The Tratado was written at the request of Alessandro Valignano (1539-1606), “father visitor” who came to Japan in 1579 to perform an inspection of the Jesuit mission. At the time the mission was undergoing internal decline. Recent Japanese converts were quitting as fast as orders came from the superiors. Valignano also recognized in the racism perpetuated by Jesuit friars towards the converts — whom they viewed as inferior due to their “strange” customs and whom they forbade to become priests or members of the Jesuit order — another factor for the mission’s downturn. Adding to this inopportune environment was Valignano’s gloomy pronouncement that “Japan is not a place which can be controlled by foreigners, for the Japanese are neither so weak nor so stupid a race as to permit this, and the King of Spain neither had nor ever could have any power of jurisdiction here.” He then went on to observe that “there is no alternative to relying on training the natives in the way they should go and subsequently leaving them to manage the churches themselves.” In order for this to be achieved, new strategies had to be employed: European Jesuits had to behave like Japanese, religious texts had to be translated into the native language and the Japanese had to be inducted into higher orders so that they could go and disseminate the religion themselves. Valignano quickly recognized in Frois’ mastering of the Japanese language a unique opportunity. He commissioned Frois to write an explanatory text that could function as a guide for missionaries who wanted to come to Japan and proselytize. Valignano was of the opinion that cultural and social understanding — an early forerunner to present-day “soft power” diplomacy — would benefit the church better. Thus the Tratado saw the light of day.
Returning now to the book under review, it is noteworthy to mention that there hasn’t been an English translation of Frois’ text until this Routledge edition. The Tradado was translated into Japanese, Chinese, German, French and Spanish. The Japanese edition is particularly popular with the readers, having reached half a dozen printings. I would like here to state my agreement with the editors about the scholarly significance of this book being finally translated into English. This is not only an important document for any historian who wants to learn more about the depths of interaction between Japan and Europe in the 16th century: it also allows us to see Christianity as more than a menacing threat or terror that sought to convert new people and appropriate new riches at any cost and by any violent method. In Frois’ couplets one senses a profound respect and curiosity towards the baffling foreign customs of the Japanese, a people whose culture and social practice could not be more different from their European counterparts. On the whole, Frois’ observations never descend into fantasy. It is this particular factor which distinguishes Frois from other writers who have experienced their first contact with Japan. As a counterpoint, I would like to point out that during his first expedition to Japan, Commodore Matthew Perry learned about the country from a book entitled Japan and the Japanese. In John Dower’s words, this book
…paired synopses of prior writings with a selection of illustrations that revealed how odd and exotic the little-known [Japanese] heathen still remained in the imagination of Westerners. These thoroughly fanciful graphics conjured up a world of bizarre religious icons commingled with sturdy men and women wearing Chinese-style robes, holding large and stiff fan-shaped implements, even promenading with folded umbrella-like tents draped over their heads and carried from behind by an attendant.
I have included some of these “fanciful” depictions below.
During Perry’s time, quite a few accounts “dwelling on the persecution of Christians and inhospitable treatment meted out to castaways, spoke derisively of a land that had regressed ‘intro barbarism and idolatry.’” Idolatry bothered Frois as well. His discomfort and irritation with Buddhist monks pours from every couplet contained in the chapter Concerning the bonzes and their customs. The harsh, disparaging views towards Buddhism show us a different side of Frois, one that’s antithetical with the rest of his assessments. His intolerance however could be excused by the historical circumstances in which Jesuit missionaries found themselves competing against Buddhist monks for converts on unfavorable terms. Also, the institutional, authoritarian closed-mindedness regarding other denominations which was communicated by the Church in Rome did not help Frois’ discernment between bad and good Buddhists. Here are some of his most unkind remarks:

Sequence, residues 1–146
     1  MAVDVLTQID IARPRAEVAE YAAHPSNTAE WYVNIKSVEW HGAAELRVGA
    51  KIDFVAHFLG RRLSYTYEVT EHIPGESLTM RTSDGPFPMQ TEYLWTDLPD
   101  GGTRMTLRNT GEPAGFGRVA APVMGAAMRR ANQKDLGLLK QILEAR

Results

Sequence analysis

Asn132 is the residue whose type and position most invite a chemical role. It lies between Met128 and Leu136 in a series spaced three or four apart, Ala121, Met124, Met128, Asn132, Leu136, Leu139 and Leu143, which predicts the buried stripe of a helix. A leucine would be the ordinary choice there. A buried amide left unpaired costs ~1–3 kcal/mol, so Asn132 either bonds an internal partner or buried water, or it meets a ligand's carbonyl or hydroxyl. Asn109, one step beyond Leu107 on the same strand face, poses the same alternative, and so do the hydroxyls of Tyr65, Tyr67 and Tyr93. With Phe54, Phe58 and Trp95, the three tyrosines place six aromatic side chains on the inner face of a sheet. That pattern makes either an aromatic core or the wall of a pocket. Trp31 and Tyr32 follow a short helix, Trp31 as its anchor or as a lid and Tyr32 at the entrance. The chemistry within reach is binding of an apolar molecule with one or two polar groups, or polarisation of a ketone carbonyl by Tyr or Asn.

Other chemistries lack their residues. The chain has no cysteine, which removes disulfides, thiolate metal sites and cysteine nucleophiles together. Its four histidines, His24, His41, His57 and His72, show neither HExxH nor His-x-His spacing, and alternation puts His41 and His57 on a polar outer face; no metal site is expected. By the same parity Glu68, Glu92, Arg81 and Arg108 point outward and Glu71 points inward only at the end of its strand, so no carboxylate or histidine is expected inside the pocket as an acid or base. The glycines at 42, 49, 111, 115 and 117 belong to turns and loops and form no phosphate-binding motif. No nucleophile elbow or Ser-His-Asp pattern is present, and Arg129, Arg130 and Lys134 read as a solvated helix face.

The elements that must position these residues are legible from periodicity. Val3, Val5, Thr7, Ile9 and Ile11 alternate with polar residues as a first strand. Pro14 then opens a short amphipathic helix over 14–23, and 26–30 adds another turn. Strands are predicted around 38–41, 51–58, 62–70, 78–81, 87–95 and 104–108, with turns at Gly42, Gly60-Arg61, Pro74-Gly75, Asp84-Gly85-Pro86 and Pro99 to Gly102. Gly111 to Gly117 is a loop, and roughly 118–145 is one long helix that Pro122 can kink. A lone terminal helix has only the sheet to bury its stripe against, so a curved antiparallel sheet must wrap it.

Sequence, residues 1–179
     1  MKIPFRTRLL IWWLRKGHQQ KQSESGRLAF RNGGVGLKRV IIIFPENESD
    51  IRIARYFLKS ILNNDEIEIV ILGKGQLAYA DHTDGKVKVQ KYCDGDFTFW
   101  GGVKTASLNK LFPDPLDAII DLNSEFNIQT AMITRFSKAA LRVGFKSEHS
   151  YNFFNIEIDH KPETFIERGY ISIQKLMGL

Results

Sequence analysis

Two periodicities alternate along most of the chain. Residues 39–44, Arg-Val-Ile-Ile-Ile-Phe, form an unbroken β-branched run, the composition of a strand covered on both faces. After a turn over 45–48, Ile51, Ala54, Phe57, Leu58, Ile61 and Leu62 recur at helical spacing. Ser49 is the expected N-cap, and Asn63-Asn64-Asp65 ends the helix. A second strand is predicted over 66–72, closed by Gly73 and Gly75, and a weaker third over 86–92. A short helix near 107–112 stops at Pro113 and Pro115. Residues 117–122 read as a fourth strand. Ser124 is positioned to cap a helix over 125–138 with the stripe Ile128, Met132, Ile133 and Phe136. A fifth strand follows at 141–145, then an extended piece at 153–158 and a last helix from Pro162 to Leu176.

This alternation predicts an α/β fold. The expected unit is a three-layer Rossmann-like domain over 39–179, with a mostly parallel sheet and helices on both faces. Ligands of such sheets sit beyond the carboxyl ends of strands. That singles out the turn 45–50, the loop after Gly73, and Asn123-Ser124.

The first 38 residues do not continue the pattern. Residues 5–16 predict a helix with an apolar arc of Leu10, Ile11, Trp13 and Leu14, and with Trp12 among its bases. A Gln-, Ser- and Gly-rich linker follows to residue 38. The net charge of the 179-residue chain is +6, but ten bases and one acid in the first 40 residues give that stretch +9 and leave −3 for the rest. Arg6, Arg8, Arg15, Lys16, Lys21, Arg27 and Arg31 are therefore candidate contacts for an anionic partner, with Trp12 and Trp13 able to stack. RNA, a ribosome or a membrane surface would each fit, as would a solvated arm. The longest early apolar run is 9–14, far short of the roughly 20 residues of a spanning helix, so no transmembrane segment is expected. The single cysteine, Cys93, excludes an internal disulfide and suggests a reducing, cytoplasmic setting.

2. Among us, one subsequently professes vows to be pure of soul and chaste of body; the bonzes profess vows to all manner of inner filth and all the nefarious sins of flesh.
3. Among us, a vow of poverty is made to God and worldly riches are shunned; the bonzes fleece their followers and seek countless ways to increase their wealth.
16. Our religious focus their principal efforts on interior purity and cleanliness; the bonzes keep their dwellings, gardens and temples extremely clean, but keep their souls abominable.
17. Among us, we are keen to avoid deceit, hypocrisy and adulation; the bonzes of Japan live off these and consider them an extremely powerful means of making a livelihood.
While some of these observation were occasionally true when concerning individuals, Frois was being dishonest in portraying the various Buddhist sects as a monolith. Buddhism was split into many dissimilar movements as was Christianity after the Protestant Reformation. His inspiration in writing negatively about the local religious traditions could also be traced to a letter written by Francis Xavier in 1552 in which he wrote the following:
…our greatest enemies are the bonzes, because we expose their falsehoods…they used to make the people believe that it is impossible for persons in general to keep those five commandments [abstaining from sex, theft or lying, homicide, killing and eating any creature or drinking wine]…and that, therefore, they would observe them for the people, on the condition of the people giving them maintenance and honor. They give their word that if anyone goes down into hell he will be delivered by their intervention and labor. We, on the contrary, proved to the people that in hell there is no redemption, and that no one can be rescued from it by the bonzes and bonzesses.
Regardless of his inadequacy in portraying Japanese religious matters fairly and unbiasedly, Frois’ observations remain generally clean of prejudice. His Tratado successfully achieves what it sets out to do: introduce Japanese culture to a European audience. This is done methodically and satisfactorily by employing equal terms of comparison and contrast. In the 16th century, when means of transport were undeveloped and inaccessible, one could only fantasize about faraway lands and strange people and customs as the ones captured in Frois’ description of Japan. Sadly, the Tratado’s limited circulation and its inaccessible text had to wait a long time to be discovered and an even longer time to be published into English. I’m thrilled to announce that this current edition rectifies all the previous shortcomings.
Credit for the pictures from Japan and the Japanese goes to Visualizing Cultures Website, developed by MIT.